Microalgae are rich in vitamins, minerals, proteins, polysaccharides and polyphenols. Among these compounds, ExoPolySaccharides (EPS) reveal a multitude of properties depending on their structure and on the organism producing them. The synthesis of EPS has been studied in microorganisms since 1880. Once excreted in the external environment, this EPS can form mucilage around the cells and form a gel-like network.
EPS come in two forms. They may be capsular (CPS) developing a hydrophilic layer around the cell or be free (RPS) forming a viscous phase called ‘slime’. These polymers exhibit a variety of monosaccharide combinations of significant diversity and consist essentially of mannose, arabinose, galactose and galacturonic acid and to a lesser extent rhamnose, glucose, xylose and fucose. Mucilage ‘gel’ ensures several roles, mainly a physical barrier with the external environment, and the adhesion of cells to each other as well as the rapid assimilation of nutrients.
These bioactive molecules are then of great potential in several fields; in cosmetics, certain fractions of EPS have strong similarities with hyaluronic acid; in pharmacy as antiparasitic agents, and in the field of biomaterials for bones and dermal regeneration.
Greensea has launched a long-term programme around the production and/or modification of microalgae EPS and optimisation of cultivation parameters according to the target species.
A methodology was applied and detailed for each species of microalgae. The microalgae and cyanobacteria EPS are currently being studied for their interest in the cosmetics industry. One of the R&D objectives concerns the application of original post-treatment procedures on cyanobacteria in order to separate the various metabolites as well as the production of EPS from two diatoms and a golden microalgae. These microalgae were selected after observation of mucilage within the culture tubes in the Strain Collection.
Greensea already markets actives from algae origins with strong links with different polysaccharides, treated by original protocols in order to either find overexpression or even hydrolysis in a fine tuned manner in these expressed molecules. These actives are now renowned as treatments for rosacea like Silidine®, obtained from a microalgal origin and producing a subtle mix between oligosaccharides and essential oligoelements with anti-erythema properties. Silidine induces the constriction of dilated microvessels by stimulating the synthesis of endothelin-1 protein.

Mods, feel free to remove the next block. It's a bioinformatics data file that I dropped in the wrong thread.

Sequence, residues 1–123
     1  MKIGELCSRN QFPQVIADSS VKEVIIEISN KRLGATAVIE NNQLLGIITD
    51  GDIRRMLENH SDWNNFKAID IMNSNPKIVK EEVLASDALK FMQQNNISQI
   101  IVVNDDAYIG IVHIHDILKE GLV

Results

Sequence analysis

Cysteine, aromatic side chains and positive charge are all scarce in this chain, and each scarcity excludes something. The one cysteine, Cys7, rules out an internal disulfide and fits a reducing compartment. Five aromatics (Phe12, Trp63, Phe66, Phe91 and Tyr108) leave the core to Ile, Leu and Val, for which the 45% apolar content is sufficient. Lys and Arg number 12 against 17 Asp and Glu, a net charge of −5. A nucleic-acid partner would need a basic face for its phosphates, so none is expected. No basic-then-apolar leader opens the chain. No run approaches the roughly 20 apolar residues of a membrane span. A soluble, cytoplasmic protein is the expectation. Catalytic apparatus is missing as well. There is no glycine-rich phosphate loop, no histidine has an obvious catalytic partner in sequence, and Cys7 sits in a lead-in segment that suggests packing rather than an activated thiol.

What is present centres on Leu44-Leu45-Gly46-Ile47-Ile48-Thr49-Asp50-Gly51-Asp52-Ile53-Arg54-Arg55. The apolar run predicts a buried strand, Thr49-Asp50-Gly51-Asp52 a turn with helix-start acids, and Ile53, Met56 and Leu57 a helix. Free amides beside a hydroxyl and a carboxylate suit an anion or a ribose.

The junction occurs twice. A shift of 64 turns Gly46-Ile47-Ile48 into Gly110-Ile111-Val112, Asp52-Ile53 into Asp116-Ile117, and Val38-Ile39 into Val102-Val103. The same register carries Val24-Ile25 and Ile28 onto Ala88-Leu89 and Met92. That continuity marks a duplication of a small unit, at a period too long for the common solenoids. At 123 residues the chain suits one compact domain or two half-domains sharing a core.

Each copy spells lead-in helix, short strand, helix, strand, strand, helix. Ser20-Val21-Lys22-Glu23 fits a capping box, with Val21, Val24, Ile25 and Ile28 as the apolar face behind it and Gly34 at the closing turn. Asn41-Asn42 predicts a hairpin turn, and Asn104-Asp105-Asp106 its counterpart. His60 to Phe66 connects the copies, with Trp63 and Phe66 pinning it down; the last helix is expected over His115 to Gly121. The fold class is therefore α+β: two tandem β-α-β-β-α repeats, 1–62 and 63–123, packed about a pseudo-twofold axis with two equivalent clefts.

The activation of this metabolic pathway results in the contraction of the vascular smooth muscle cells. The ingredient improves vascular tonicity, can reduce redness, red patches or also heavy legs syndrome.
QT-40® is an oligosaccharide developed by biochemical engineering. This marine active acts against facial sagging by re-sculpting facial contour and plumping the dermis. QT-40 has an effect on the biological pathway involving in RHAMM (Receptor for Hyaluronan Mediated Motility) protein. Thus it allows the establishment and the maintenance of the extracellular matrix network and architecture. It also induces matrix components synthesis (hyaloronic acid and total collagens), maintenance and preservation of the matrix against degrading enzymes (Matrix Metallo Proteinases). The ingredient is an original remodelling active.
Algae represent an almost inexhaustible source. Their important biodiversity associated with their richness in original compounds make them a unique and natural source of new bioactive molecules. Moreover, the specific control of their culture and the development of the metabolic induction concept enhances the control of the production of specific molecules of interest. Sustainability is a major concern within the cosmetics and toiletries industry. Consequently, the development of effective natural actives is an important challenge for raw materials manufacturers. For these different reasons, algae culture associated with metabolic induction (or not) is a technology that can be considered as Effective, Economic and Ecological. Very few companies are in the situation to, not only grow algae in a very controlled ways, to devote a strong R&D but also finally obtain an original active under the same roof. This is a case of Greensea strongly benefiting from the synergy to a fast growing group (Greentech) allowing launches of such ambitious programmes.
Lucas Meyer Cosmetics develops, manufactures and markets innovative ingredients for the cosmetic and personal care industry. We offer active ingredients, functional ingredients and delivery systems from various origins.Actives IngredientsOur active ingredients are designed to maintain the body’s natural reactions, strengthen...